1945 in science
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|List of years in science (table)|
|... 1935 . 1936 . 1937 . 1938 . 1939 . 1940 . 1941 ...
1942 1943 1944 -1945- 1946 1947 1948
... 1949 . 1950 . 1951 . 1952 . 1953 . 1954 . 1955 ...
|Art . Archaeology . Architecture . Literature . Music . Philosophy . Science +...|
- Salvador Edward Luria and Alfred Day Hershey independently recognize that viruses undergo mutations.
- A team at Oak Ridge National Laboratory led by Charles Coryell discovers chemical element 61, the only one still missing between 1 and 96 on the periodic table, which they will name promethium. Found by analysis of fission products of irradiated uranium fuel, its discovery is not made public until 1947.
- Dorothy Hodgkin and C. H. (Harry) Carlisle publish the first three-dimensional molecular structure of a steroid, cholesteryl iodide.
- A team at American Cyanamid's Lederle Laboratories, Pearl River, New York, led by Yellapragada Subbarow, obtain folic acid in a pure crystalline form.
- June 30 - Distribution of John von Neumann's First Draft of a Report on the EDVAC, containing the first published description of the logical design of a computer with stored-program and instruction data stored in the same address space within the memory (von Neumann architecture).
- November - Assembly of the world's first general purpose electronic computer, the Electronic Numerical Integrator Analyzer and Computer (ENIAC), is completed in the United States, covering 1,800 square feet (170 m2) of floor space, and the first set of calculations is run on it.
- February - Raymond L. Libby of American Cyanamid's research laboratories at Stamford, Connecticut, announces a method of orally administering the antibiotic penicillin.
- The Amsler grid is introduced for monitoring of the central visual field.
- High-altitude west-to-east winds across Pacific, discovered by Japanese in 1942 and by Americans in 1944, are dubbed "jet stream".
- July 16 - Nuclear testing: The Trinity test, the first test of an atomic bomb, using 6 kilograms of plutonium, succeeds in detonating an explosion equivalent to that of 20 kilotons of TNT.
- August 6 & 9 - Atomic bombings of Hiroshima and Nagasaki make the world aware of the power of nuclear weapons.
- August 11 - Smyth Report released by the United States government, informing the public of the basics of nuclear fission and its military and civilian applications, and emphasizing the role played by physics in the development of the atomic bomb.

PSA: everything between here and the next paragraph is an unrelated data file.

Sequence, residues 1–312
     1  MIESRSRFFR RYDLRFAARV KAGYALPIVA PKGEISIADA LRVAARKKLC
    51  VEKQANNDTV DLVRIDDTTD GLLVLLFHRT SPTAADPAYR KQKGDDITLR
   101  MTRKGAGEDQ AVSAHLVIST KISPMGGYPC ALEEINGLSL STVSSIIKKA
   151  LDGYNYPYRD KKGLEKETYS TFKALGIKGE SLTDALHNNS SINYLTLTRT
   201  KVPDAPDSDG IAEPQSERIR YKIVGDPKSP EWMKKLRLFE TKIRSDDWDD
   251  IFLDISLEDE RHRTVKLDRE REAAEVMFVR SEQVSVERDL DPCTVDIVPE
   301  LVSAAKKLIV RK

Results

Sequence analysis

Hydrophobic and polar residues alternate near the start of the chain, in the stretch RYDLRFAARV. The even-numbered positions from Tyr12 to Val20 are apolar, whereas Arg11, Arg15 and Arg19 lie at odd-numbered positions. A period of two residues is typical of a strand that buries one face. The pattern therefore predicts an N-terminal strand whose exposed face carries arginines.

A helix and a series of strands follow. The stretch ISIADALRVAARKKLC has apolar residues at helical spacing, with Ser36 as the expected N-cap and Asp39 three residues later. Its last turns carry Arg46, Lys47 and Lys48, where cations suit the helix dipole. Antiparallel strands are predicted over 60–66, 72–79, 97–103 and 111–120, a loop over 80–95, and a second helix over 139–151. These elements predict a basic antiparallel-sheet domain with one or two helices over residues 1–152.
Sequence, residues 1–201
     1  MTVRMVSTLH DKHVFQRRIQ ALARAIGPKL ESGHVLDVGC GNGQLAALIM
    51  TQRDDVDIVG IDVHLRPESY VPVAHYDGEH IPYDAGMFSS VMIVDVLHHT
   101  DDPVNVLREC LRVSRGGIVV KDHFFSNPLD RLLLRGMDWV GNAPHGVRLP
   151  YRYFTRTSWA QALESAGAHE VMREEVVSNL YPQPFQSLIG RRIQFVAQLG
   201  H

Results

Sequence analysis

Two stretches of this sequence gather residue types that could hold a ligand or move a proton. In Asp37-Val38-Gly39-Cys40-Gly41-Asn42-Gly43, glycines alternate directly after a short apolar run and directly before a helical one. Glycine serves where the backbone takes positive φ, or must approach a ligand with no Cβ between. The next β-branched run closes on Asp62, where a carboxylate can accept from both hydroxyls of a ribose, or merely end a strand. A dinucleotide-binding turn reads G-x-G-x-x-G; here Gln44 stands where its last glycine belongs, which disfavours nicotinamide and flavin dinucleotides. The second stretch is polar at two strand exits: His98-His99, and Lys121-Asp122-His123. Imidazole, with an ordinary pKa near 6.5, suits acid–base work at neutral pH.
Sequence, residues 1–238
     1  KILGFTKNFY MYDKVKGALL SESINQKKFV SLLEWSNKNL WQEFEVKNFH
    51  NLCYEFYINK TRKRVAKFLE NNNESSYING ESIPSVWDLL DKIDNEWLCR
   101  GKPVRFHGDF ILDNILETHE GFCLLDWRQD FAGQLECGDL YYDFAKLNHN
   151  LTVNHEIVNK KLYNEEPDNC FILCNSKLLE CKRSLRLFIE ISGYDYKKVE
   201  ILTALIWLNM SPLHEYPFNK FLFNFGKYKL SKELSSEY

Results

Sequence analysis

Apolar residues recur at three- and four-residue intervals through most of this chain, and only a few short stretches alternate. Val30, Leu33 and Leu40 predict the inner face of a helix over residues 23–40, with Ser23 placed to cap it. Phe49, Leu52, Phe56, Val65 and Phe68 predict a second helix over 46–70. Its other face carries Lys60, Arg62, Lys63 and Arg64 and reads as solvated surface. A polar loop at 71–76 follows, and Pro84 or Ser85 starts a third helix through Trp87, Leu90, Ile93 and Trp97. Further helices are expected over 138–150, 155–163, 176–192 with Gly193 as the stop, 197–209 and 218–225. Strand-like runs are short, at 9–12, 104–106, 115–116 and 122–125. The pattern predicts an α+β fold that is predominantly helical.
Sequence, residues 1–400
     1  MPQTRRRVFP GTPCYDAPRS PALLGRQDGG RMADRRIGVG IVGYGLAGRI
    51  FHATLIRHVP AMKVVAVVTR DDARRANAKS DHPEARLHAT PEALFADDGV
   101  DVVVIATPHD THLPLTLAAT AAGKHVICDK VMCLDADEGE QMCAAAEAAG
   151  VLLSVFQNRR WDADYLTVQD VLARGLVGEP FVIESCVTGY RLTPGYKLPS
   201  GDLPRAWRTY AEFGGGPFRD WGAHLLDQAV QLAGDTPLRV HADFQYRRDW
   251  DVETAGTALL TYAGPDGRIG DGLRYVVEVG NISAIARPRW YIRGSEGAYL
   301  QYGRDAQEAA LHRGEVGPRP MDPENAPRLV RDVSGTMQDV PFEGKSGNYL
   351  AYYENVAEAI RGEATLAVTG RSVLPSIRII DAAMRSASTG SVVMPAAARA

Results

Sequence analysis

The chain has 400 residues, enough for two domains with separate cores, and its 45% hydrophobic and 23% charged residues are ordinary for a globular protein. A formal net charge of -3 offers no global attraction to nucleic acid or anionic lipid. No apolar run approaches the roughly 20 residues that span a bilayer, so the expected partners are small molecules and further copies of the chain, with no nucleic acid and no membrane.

- The first desalination plant becomes operational.
- March 2 - The Bachem Ba 349 Natter is launched from Stetten am kalten Markt. The Natter is the first manned rocket, developed as an anti-aircraft weapon. The launch fails and the pilot dies.
- October - Arthur C. Clarke puts forward the idea of a geosynchronous communications satellite.
- November - Slinky toy first demonstrated by engineer Richard T. James in Philadelphia.
- Kathleen Lonsdale and Marjory Stephenson become the first women elected as Fellows of the Royal Society of London.
- Argentine physicist Ernesto Sabato publishes Uno y el Universo ("One and the Universe"), a collection of essays criticizing the apparent moral neutrality of science and warning of dehumanization in technological societies.
- Nobel Prizes
- April 11 - John Krebs, English zoologist.
- April 30 - Mike Smith (killed 1986), American astronaut.
- Undated - Lyn Evans, Welsh physicist.
- March 23 - Napier Shaw (born 1854), English meteorologist.
- May 14 - Isis Pogson (born 1852), English astronomer and meteorologist.
- August 4 - Gerhard Gentzen (born 1909), German mathematician.
- August 10 - Robert Goddard (born 1882), American rocket scientist.
- August 31 - Stefan Banach (born 1892), Polish mathematician.
- October 1 - Walter Bradford Cannon (born 1871), American physiologist.
- September 24 - Hans Geiger (born 1882), German inventor of the Geiger counter.
- December 4 - Thomas Hunt Morgan (born 1866), American biologist.
- December 21/22 - Arthur Korn (born 1870), German-born inventor.
- "Discovery of Promethium". Oak Ridge National Laboratory Review 36 (1). 2003. Retrieved 2011-06-16.
- Carlisle, C. H.; Crowfoot, D. (1945). "The crystal structure of cholesteryl iodide". Proceedings of the Royal Society A184: 64–83. JSTOR 97644.
- Glusker, Jenny P. (1994). "Dorothy Crowfoot Hodgkin (1910-1994)". Protein Science 3: 2465–2469. doi:10.1002/pro.5560031233. PMC 2142778. PMID 7757003. Retrieved 2012-01-13.
- Angier, R. B.; Boothe, J. H.; Hutchings, B. L.; Mowat, J. H.; Semb, J.; Stokstad, E. L. R.; Subbarow, Y.; Waller, C. W.; Cosulich, D. B.; Fahrenbach, M. J.; Hultquist, M. E.; Kuh, E.; Northey, E. H.; Seeger, D. R.; Sickels, J. P.; Smith Jr, J. M. (1945). "Synthesis of a Compound Identical with the L. Casei Factor Isolated from Liver". Science 102 (2644): 227–228. doi:10.1126/science.102.2644.227. PMID 17778509.
- Hoffbrand, A. V.; Weir, D. G. (2001). "The history of folic acid". British Journal of Haematology 113 (3): 579–589. doi:10.1046/j.1365-2141.2001.02822.x. PMID 11380441.
- Stigler, George J. (May 1945). "The Cost of Subsistence". Journal of Farm Economics 27 (2): 303–314. JSTOR 1231810.
- "Penicillin Pills May Replace Injection". The Milwaukee Sentinel. 1945-02-16. Retrieved 2012-05-22.
- Year by Year – 1945. History International.
- "Extra-Terrestrial Relays Can Rocket Stations Give World-wide Radio Coverage?". Wireless World. October 1945. Archived from the original on 7 November 2006. Retrieved 2007-02-08.
- "Peacetime Uses for V2" (JPG). Wireless World. February 1945. Archived from the original on 15 March 2007. Retrieved 2007-02-08.
- "Arthur C. Clarke Extra Terrestrial Relays". Archived from the original on 2007-02-05. Retrieved 2007-02-08.